Showing posts from May 9, 2010

Truth and Politicians

I should have known. The words of a politician are never to be taken at face value, as exemplified in the latest talk on "strong government". It has transpired - not too surprsingly - that the right do not trust the existing tools of democracy and want more security for their government by changing the statute book. There's even objection within their own ranks.on this, so it must be a serious issue! The question is, will the government whip strengthen itself to impose unanimity on the recalcitrant, and thus remove the obstacle? I fear there's little doubt on that issue.

What has the electorate done? Politics is now about about a type of politician that looks good and talks glibly - to get the public's attraction and the vote. Further, it has been reported that Cameron's advisors told him "not to sound too Tory". Meanwhile, the erstwhile prime minister - with grey-hair and sagging eyes after devoted worry about serving to the best of his ability - g…

The Reaction

Watching the Beeb's 'Question Time' last night brought it home to me how many voters think they have been sold down river into this coalition. 'We didn't vote for this!', they cried. But they did (vote for that) because that's how the voting came out.

Because of history, and the fact that the Liberals have never been good bed-fellows with the Tories, the current situation does not look appetising, but we all just have to swallow our indignation and let us see what transpires. Yes, I think there is a case for saying that the Liberals have been used and that their participation in the end will count for nothing except serving the Tory cause. But ... some coalition had to come out of the electors' muddle, and this is it. We've got it.

Malcolm Heseltine, however, made it painfully clear that in 12 months time the (his) new government would not be popular because of the 'difficult' decisions it is about to make. If such 'difficult' decsio…

The Needs of Society

The big question mark about the UK's new government is - surely - whether Cameron (and Clegg) can really reverse the trend in the Tories that was re-invented by Thatcher over 20 years ago - i.e. that (according to her) 'there is no such thing as society'.

Her attitude was so reviled by those who live in the real world that it could only mean that when Labour could get enough momentum, they would get back in and check the stagnation that the Thatcher years left behind. Is Cameron's real intention to undo the Thatcher theme in his party? If so, then why did he not stand as a Liberal? The Tories have never before been progressive on social issues - they've introduced nothing (in all their years) of real help to the working population, and now they are going to do otherwise? Seeing is believing in this case! I can't help feeling that there will be tears in four or five years time. Or less.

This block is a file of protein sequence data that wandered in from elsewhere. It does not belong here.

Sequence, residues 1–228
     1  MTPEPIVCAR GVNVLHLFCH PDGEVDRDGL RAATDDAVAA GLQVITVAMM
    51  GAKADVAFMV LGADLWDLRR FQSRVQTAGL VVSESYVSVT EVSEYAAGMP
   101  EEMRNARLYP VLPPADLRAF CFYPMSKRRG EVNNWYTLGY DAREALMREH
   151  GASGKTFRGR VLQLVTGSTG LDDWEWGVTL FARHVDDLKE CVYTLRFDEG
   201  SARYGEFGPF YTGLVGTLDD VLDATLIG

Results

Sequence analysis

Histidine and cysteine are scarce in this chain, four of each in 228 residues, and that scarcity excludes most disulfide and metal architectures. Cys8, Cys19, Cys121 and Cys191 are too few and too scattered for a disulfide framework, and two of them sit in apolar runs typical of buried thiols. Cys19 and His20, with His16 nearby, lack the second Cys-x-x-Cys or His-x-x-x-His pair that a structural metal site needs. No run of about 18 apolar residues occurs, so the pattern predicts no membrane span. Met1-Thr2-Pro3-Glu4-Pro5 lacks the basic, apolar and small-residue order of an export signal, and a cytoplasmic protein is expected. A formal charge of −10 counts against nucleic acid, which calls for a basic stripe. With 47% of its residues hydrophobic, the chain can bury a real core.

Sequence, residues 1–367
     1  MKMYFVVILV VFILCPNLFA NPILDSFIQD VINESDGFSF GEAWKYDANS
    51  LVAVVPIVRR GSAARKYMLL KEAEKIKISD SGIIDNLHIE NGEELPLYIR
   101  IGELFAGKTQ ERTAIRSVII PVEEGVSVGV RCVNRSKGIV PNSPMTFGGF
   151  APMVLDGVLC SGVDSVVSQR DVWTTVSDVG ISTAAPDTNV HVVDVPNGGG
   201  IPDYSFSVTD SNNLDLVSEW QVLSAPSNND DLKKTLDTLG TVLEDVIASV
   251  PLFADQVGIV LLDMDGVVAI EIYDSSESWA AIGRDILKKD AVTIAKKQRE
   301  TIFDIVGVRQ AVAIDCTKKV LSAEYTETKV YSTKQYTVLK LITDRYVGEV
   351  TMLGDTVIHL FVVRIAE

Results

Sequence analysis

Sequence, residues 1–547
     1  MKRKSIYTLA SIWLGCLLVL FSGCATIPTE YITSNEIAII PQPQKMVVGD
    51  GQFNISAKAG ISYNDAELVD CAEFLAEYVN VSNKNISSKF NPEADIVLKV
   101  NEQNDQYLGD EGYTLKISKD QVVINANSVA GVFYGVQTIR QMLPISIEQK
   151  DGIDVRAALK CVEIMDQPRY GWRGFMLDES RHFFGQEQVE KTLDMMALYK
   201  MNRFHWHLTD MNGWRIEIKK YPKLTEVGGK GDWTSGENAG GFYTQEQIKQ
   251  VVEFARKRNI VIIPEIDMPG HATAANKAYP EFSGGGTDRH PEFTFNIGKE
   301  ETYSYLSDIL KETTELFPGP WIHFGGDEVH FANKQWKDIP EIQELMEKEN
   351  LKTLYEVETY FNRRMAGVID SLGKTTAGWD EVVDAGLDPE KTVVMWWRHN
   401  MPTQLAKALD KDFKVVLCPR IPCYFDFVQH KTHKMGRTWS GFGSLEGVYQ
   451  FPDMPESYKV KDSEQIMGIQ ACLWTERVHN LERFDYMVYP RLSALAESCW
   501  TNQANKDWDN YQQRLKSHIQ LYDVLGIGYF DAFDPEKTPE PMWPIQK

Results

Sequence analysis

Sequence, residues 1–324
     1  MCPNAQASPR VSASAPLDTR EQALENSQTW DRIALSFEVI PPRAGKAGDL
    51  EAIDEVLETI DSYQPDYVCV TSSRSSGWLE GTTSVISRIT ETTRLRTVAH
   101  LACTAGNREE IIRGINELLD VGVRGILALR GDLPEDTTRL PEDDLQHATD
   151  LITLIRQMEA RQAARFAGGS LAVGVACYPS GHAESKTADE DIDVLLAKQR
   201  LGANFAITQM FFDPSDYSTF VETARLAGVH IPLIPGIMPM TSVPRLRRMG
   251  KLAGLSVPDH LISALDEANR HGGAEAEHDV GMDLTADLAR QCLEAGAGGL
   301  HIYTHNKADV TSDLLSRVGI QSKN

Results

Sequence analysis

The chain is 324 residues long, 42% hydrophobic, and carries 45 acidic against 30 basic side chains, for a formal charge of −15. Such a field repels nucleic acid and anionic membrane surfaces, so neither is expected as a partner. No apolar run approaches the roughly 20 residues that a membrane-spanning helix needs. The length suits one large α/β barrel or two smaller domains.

What is really needed - surely - is a middle-ground progressive party or coa…

The Uk Election (2)

So ... a Cam-Clegg coalition. I have to admit I am resigned to this being probably the only practical solution to the organisation of a government, other than going back to the country again without guarantee of a satisfactory result.

It became clear - as the days since the election wore on - that a Lab-Lib coalition would not work, particularly in that those two parties by themselves could not gain a majority in the Commons. But, despite my reservations, the start of the Con-Lib pact has been good. It remains to be seen how it all works out in practise given that hardly any of the cabinet will have had previous government experience, and that the Tory cost-cutting plans were against the Liberal ethic.

And there's the matter of them agreeing to remove income tax up to £10k. How that's going to be paid for in a time of cuts remains to be seen!

Let's give it six months at least before we find fault with policy. This one has to be given a chance.